Around the middle of that year, MF Hussain, celebrated Indian painter, has demised in London, but there was some confusion whether he should start his heavenly journey from India, his place of birth, or from London where he demised, or from the Middle East country he adopted, or was forced to adopt – verily, it took quite some time to first determine whether he voluntarily adopted, or was forced to adopt the Middle East country. By the time the confusion was cleared people quite forgot that he had demised so no one tweeted anything about him. Besides, by then, people were busy tweeting about Shammi Kapoor - or were they tweeting about Pataudi?  - another matinee idol and celebrated Indian cricketer, respectively, or were they matinee cricketer and Indian nawab respectively, tweeple weren’t sure. 

While some industrious people put together the entire list of famous people who departed, others cautioned, ‘Hang on, there are some 25 days left this year.’ Six days after their caution, on Sunday, December 11, 2011, Mario Miranda, celebrated Indian cartoonist, featured in their tweets.

Of the number of famous people who demised that year, several had plans to continue their work upstairs. At least that is what the tweets said. People felt it was inappropriate that they, with their enormous energies, should rest at all, although, like earlier, if you died, or passed away, or demised, depending on your station in life, you were advised to Rest In Peace, RIP for short, which found more common usage in 2011, considering the number of times tweeters had to use it.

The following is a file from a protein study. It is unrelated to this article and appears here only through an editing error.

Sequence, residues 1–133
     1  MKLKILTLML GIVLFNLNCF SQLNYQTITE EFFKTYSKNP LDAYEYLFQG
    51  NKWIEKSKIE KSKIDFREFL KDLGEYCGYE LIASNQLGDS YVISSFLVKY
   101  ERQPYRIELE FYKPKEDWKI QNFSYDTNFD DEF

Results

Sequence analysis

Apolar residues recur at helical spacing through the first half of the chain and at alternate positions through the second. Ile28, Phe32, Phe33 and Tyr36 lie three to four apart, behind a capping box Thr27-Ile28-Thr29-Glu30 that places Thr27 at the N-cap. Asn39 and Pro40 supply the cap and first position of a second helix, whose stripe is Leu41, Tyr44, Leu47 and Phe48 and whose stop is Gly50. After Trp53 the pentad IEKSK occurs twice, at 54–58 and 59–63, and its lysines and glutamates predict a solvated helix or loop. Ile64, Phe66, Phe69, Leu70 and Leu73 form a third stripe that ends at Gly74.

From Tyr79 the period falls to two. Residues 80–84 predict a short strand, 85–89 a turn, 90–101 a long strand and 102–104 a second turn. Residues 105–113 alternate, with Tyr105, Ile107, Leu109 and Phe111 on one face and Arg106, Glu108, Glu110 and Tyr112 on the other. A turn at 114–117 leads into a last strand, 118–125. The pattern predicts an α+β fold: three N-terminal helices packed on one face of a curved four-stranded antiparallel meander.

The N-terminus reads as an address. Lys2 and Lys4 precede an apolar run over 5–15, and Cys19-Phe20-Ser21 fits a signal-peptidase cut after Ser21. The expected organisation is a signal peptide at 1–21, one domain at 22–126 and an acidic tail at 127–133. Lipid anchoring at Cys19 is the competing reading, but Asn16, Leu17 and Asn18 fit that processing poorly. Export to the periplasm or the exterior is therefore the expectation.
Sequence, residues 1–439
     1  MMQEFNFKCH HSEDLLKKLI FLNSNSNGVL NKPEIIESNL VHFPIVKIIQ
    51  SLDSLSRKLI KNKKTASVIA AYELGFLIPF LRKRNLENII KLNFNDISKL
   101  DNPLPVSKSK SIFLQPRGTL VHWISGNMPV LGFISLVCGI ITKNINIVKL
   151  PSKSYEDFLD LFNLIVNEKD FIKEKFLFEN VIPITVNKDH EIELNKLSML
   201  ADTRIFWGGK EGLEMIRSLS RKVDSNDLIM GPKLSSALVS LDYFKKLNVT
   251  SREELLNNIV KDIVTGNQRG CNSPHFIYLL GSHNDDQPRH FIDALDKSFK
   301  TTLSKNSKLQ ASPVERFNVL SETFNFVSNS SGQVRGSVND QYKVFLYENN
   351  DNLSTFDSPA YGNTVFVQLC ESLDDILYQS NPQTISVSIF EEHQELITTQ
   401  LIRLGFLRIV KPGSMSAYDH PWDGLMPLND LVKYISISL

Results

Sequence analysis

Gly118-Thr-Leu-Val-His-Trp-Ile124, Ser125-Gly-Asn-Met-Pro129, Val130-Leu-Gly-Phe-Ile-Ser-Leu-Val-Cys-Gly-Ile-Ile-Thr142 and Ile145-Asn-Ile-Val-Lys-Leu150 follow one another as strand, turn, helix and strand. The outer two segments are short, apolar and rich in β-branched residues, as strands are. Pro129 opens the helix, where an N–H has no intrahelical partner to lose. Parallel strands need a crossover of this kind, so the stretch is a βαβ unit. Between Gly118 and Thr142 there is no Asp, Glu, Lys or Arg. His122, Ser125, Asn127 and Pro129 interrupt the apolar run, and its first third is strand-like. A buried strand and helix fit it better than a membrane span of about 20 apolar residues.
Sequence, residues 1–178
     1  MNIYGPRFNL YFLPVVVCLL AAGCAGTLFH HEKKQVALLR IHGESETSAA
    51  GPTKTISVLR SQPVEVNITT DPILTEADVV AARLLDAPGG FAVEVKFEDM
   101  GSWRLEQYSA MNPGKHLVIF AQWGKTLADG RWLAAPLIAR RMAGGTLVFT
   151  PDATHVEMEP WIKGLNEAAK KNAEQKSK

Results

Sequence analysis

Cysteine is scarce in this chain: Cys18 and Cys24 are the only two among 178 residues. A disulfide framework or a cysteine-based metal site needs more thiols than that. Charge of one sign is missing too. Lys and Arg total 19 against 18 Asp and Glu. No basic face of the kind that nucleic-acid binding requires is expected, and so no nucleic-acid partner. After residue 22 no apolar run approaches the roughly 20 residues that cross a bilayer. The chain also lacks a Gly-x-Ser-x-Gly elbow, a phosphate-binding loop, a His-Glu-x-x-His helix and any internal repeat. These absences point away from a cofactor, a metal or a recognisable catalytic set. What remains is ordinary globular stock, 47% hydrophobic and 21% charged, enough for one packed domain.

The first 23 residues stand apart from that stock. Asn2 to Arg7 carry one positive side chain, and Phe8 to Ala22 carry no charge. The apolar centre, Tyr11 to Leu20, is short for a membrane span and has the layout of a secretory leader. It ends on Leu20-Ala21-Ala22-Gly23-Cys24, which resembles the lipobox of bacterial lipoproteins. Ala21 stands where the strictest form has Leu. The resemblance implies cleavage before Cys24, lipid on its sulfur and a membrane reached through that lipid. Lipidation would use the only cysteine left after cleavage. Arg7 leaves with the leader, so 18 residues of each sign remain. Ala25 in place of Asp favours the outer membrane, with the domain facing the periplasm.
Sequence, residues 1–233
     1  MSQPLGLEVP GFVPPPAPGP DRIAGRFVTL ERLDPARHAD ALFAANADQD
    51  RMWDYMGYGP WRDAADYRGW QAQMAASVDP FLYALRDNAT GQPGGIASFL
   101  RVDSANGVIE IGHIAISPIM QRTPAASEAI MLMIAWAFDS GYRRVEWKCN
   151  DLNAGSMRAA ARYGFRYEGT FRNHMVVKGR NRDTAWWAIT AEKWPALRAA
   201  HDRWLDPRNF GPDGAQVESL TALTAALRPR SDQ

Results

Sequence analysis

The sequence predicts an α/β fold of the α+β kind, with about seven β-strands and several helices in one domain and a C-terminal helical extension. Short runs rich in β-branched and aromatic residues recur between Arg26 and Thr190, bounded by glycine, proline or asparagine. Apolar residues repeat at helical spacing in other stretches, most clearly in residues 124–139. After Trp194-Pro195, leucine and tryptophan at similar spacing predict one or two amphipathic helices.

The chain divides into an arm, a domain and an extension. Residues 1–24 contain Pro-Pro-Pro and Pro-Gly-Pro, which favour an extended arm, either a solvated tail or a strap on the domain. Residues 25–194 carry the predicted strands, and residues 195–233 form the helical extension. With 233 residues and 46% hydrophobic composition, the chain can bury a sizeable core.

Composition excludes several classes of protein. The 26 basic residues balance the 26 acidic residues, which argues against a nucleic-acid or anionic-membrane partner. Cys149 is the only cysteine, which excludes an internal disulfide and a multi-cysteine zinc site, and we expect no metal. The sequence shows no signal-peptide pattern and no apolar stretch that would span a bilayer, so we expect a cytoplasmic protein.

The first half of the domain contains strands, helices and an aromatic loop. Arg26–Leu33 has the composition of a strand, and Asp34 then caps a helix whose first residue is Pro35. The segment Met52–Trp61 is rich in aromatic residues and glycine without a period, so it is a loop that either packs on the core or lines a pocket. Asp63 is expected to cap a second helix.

A few months into 2012, ‘St Peter keeps the pearly gates open,’ a Twitter post said, presenting more opportunity for people to learn the meaning of that term. One of my writer-friend did a status at Robin Gibbs' demise, which came a month or so after Whitney Houston's, which read: ‘The heavens are planning a super group like Traveling Wilburys.’

The trend didn’t stop and continued in the following years. At David Bowie’s demise, I, too, tweeted, ‘I always thought The Man Who Sold The World was a Kurt Cobain song. Now all three of us can rest in peace.’ And I posted it in the song's YouTube video’s comments’ box, where, some YouTube users thought it was a suicide note.